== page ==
In any case, perception is reality: These executives are acting according to what they feel are factors that are having a negative impact on growth now or will have an impact at some point in the future. Some of their concerns are in anticipation of an inevitable reduction or flattening of federal spending as well as the costs associated with the continued implementation of the Affordable Care Act in 2014. Additionally, executives at small businesses—those with revenues of less than $50 million—are expecting an increase in the personal tax rate for the highest-earning bracket to negatively affect their businesses.
Corporate tax codes are a particular concern for those companies that operate as S corporations or partnerships, where business income is taxed at the individual income rate. Such a rise in taxes on a personal level or for investment income lowers profits that might otherwise be used for hiring or big-ticket capital improvements.
Several participants are also concerned about the uncertainty of how government regulations are implemented. For example, a government regulator in one sector of the country may interpret EPA compliance regulations one way, and the same set of regulations may be interpreted differently by a regulator in another geographic sector of the country. This uncertainty makes it difficult for executives to plan for growth and business expansion.
PE: Manufacturing was credited with leading us out of the Great Recession. Still, growth in the sector remains constrained. Are we going to be satisfied with a steady 2%-3% growth over a long period, or is there room for more robust growth in this sector?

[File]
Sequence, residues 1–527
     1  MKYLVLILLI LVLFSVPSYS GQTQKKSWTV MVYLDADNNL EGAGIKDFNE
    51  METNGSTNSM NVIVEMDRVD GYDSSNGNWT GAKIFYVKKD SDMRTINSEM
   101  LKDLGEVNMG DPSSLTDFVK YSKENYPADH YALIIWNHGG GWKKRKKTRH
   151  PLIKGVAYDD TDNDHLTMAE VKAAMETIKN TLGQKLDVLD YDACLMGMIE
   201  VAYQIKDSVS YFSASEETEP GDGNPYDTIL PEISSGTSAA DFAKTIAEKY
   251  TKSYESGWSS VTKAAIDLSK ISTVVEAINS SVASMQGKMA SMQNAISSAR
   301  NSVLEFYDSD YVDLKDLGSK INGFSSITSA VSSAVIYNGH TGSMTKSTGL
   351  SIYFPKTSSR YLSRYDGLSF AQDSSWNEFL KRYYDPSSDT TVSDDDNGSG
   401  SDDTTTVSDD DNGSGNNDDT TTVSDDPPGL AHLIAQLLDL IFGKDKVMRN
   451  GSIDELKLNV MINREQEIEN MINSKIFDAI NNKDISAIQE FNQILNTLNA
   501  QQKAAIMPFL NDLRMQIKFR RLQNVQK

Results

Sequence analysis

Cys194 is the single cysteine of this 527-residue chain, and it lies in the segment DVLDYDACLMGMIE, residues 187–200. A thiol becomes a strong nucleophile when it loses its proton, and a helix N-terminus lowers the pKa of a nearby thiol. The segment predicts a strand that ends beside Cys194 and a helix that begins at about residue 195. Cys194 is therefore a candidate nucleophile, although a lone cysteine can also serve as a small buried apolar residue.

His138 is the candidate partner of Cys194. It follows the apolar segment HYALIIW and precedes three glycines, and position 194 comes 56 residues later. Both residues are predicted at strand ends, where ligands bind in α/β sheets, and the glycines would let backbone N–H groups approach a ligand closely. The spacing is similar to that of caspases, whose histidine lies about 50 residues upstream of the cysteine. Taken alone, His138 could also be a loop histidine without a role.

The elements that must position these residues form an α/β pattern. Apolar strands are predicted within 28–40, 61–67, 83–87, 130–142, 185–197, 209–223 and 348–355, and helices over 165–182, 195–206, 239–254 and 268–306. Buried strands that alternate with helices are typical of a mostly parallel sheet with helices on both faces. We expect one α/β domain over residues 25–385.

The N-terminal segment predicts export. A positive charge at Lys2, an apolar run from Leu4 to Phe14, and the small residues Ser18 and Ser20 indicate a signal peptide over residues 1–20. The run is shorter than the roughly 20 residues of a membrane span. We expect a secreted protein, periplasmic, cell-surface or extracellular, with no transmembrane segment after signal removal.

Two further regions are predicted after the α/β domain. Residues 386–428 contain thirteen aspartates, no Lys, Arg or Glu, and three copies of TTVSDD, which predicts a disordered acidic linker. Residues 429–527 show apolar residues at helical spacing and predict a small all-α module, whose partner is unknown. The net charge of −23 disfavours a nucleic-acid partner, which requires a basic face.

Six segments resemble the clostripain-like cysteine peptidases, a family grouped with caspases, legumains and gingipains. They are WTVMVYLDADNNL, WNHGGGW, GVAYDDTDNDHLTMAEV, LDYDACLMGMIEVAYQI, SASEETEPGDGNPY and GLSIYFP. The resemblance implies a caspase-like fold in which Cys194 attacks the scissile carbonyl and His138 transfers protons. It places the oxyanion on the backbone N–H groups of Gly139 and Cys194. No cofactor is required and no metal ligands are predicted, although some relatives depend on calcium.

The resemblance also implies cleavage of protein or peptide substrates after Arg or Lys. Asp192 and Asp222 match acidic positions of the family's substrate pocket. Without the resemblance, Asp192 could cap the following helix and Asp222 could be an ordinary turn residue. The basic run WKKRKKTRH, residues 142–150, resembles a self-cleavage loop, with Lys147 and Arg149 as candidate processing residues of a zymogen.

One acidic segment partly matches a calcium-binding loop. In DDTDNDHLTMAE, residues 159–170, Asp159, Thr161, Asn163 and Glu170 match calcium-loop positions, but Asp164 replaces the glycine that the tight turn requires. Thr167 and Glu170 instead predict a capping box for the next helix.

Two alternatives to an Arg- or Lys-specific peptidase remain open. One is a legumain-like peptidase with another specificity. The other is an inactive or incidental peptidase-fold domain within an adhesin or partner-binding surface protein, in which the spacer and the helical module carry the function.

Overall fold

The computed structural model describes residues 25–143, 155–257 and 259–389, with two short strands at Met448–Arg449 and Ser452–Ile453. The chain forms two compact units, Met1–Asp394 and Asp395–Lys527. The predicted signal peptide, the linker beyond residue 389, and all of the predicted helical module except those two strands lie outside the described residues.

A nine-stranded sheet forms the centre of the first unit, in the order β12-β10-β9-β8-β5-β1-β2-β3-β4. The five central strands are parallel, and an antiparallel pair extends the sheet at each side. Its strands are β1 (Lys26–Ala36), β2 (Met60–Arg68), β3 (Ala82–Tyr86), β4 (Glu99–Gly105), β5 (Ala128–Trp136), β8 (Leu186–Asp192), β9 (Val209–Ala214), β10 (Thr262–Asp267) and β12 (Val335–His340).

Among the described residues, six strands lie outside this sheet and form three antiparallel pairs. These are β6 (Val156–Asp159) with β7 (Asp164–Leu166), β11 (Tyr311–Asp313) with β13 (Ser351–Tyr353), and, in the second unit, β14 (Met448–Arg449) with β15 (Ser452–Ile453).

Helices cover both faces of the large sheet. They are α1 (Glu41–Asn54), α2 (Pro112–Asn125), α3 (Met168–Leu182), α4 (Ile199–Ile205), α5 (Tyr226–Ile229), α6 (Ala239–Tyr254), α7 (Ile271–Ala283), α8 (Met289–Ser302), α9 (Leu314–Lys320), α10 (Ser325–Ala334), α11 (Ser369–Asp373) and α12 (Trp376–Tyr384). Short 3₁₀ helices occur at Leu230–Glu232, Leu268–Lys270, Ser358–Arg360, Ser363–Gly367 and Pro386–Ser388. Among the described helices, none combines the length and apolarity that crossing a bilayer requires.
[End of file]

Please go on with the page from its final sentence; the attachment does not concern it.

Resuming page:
Kurek: Certainly there is room for growth and, as I mentioned earlier, some industry segments are experiencing tremendous growth. Yet in 2013, most businesses (61%) report that they are holding steady and the percentage of thriving businesses has fallen to 32%, down from 39% in 2012.
That said, it has become clear to us that ranking a company’s business condition is as much a qualitative assessment as it is quantitative. To say a company is thriving, for example, may mean different things to different people. In focus group interviews that we conducted across the country, some industry executives defined thriving as growing faster than the industry; others described it as double-digit growth; still others defined it as being able to turn business away.
However, thriving as a business in the traditional sense—that is, as measured by company revenue, domestic and international sales, and other measurable factors—could remain out of reach as long as concerns regarding economic conditions, regulatory hurdles, and other potential threats to prosperity continue.
PE: Besides the issues mentioned above, what are the other constraints to manufacturing growth?